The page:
Ukraine loans don't make sense absent political motivation and the need to prop up western banks and exporters exposed to Ukraine
This article originally appeared at LewRockwell.com
The IMF is a bank that supports both the world’s system of states and the hegemonic role of the United States in that system. It is funded by its 188 or so member states, and it makes loans to them.
This funding is extracted from taxpayers who, however, have no control over the loans made. Most of the member states also have no control.
Research suggests that loans are directed to countries on the basis of subsidizing or aiding banks and exporters of the 5 major countries that control the IMF. In other words, the IMF is a crony capitalist institution and a political institution that supports a small group of controlling members.
Dr. Michael Breen has a book on the politics of IMF lending. Excerpts can be read here. Dr. Breen tells us that loan approvals are delegated to a 5-member Executive Board, which has members from the G5: United States, United Kingdom, Germany, France and Japan.
“Many scholars argue accordingly that IMF policies are driven by the powerful states that oversee and guide policy, intervening when necessary to align policy with their preferences. In particular, many scholars have stressed that the United States uses its position as the fund’s largest shareholder to achieve its foreign policy objectives.”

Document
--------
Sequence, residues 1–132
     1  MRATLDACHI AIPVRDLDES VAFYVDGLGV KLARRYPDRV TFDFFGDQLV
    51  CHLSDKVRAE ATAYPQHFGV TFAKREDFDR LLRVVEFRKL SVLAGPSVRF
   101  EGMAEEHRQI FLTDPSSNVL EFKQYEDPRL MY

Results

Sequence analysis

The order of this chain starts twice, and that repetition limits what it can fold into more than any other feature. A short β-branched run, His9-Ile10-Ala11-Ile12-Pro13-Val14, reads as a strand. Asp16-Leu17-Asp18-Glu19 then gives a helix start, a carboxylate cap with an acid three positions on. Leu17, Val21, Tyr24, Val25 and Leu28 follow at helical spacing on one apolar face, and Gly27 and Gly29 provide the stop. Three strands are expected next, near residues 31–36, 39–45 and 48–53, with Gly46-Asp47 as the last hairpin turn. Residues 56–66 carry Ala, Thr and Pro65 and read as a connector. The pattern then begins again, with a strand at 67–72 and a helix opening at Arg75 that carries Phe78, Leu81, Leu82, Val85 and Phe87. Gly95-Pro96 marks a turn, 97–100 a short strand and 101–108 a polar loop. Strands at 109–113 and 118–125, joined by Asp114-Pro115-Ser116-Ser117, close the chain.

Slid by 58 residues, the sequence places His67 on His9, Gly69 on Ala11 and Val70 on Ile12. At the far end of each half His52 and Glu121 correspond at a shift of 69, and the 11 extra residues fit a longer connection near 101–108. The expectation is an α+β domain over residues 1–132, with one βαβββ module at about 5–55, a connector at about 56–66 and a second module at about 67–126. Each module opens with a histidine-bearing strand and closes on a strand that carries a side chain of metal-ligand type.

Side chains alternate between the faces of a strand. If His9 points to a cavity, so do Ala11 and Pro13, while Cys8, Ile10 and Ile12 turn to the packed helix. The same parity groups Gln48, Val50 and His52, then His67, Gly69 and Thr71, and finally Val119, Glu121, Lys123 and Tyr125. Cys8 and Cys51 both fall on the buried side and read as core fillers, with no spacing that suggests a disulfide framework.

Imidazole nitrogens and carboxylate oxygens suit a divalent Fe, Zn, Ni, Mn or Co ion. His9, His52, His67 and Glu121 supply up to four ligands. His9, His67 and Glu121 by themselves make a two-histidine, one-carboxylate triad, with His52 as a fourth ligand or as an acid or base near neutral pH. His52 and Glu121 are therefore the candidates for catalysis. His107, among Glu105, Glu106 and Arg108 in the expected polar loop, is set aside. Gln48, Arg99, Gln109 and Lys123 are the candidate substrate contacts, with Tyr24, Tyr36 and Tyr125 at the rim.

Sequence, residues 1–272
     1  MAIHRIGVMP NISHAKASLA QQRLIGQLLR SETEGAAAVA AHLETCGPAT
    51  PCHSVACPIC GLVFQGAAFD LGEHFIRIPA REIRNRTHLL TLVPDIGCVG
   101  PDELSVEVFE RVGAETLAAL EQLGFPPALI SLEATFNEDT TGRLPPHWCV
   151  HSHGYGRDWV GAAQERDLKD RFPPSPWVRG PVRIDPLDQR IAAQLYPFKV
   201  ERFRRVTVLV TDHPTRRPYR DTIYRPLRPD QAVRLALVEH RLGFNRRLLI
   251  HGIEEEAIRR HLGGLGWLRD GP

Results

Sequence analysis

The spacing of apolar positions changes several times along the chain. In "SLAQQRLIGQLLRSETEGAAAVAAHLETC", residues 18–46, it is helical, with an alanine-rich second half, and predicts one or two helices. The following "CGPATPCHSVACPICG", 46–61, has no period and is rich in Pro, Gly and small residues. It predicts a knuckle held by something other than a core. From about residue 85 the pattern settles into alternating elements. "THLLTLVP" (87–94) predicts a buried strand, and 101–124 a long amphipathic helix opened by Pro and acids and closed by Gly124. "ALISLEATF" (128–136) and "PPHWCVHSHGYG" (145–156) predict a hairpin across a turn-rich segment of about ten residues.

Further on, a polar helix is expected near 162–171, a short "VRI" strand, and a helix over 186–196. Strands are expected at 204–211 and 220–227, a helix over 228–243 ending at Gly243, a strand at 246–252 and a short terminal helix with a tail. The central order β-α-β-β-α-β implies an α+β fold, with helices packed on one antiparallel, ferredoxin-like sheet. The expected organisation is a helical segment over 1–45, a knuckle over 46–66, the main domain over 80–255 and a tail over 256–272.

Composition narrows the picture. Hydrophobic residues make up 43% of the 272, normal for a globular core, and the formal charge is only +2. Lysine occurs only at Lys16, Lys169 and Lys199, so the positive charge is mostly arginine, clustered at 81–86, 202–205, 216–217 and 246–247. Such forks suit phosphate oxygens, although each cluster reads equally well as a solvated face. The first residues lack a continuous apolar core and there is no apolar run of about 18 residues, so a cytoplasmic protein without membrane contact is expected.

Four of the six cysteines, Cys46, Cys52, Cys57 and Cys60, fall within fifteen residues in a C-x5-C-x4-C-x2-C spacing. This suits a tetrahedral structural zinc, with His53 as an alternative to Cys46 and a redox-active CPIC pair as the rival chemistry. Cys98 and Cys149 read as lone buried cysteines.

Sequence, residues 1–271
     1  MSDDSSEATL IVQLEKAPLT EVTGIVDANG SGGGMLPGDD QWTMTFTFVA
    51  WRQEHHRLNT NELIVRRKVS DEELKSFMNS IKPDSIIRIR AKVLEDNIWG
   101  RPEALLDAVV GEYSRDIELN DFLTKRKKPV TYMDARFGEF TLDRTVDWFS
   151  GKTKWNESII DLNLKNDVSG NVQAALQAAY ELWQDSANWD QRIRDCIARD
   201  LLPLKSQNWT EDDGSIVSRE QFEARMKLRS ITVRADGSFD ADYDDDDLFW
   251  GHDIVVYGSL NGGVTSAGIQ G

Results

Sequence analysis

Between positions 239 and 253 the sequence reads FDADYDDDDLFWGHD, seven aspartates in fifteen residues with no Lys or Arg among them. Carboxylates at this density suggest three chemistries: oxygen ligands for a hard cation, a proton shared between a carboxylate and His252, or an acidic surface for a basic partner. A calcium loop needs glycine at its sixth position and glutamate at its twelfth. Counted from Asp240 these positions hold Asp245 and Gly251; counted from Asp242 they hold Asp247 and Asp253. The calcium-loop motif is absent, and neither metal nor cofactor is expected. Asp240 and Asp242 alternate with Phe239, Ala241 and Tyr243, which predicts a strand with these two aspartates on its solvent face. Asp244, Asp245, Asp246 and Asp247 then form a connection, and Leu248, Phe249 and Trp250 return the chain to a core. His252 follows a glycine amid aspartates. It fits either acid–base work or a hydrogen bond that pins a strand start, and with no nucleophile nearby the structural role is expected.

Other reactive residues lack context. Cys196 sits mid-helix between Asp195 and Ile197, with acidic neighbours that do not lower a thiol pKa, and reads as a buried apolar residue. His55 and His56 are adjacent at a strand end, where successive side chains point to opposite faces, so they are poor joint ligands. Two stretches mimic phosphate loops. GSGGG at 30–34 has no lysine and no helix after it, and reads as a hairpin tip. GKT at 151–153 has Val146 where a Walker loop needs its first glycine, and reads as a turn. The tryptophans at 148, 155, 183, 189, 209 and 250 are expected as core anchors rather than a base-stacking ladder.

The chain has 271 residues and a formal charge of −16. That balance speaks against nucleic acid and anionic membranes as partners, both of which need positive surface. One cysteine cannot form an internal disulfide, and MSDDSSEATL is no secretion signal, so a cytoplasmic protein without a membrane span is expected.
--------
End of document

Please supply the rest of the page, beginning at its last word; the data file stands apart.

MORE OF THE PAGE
Breen carefully tests the hypothesis that IMF loans are related to the economic exposure (banks and exporters) of the G5 countries. He finds significant evidence “consistent with the hypothesis that IMF loans and program approval are responsive to an increase in the economic exposure of the most exposed member of the G5.”
In the case of Ukraine, we surmise that the most exposed members are France and Germany or the major EU countries. In fact, when press releases are made about loans, they sometimes mention that a Ukraine recovery will benefit EU exporters.
At the very same time that IMF loans to Ukraine are being made in exceptionally large amounts ($40 billion), especially considering the poor record of Ukraine and the very high loan risk, we see that they play into the foreign policy objectives of the U.S.
The IMF’s requests for deep structural reform in Ukraine’s government presumably does the same, although there may well be frictions among the IMF bureaucrats, the U.S. Department of State and other members of the elite that have their hands in Ukraine.
The policies and the policy-making arms of empire are not accidental. They are all by design. From the point of view of neutral observers not bound or wedded to the system of states or empire, these designs have been brutal, callous, immoral, and frequently stupid, mismanaged, risky, ignorant and horribly wasteful.
These designs evince overall themes, however, revealed in the policies. In the Ukraine loans, we see two clear thrusts: to achieve foreign policy objectives of dominance and to succor banks and exporters.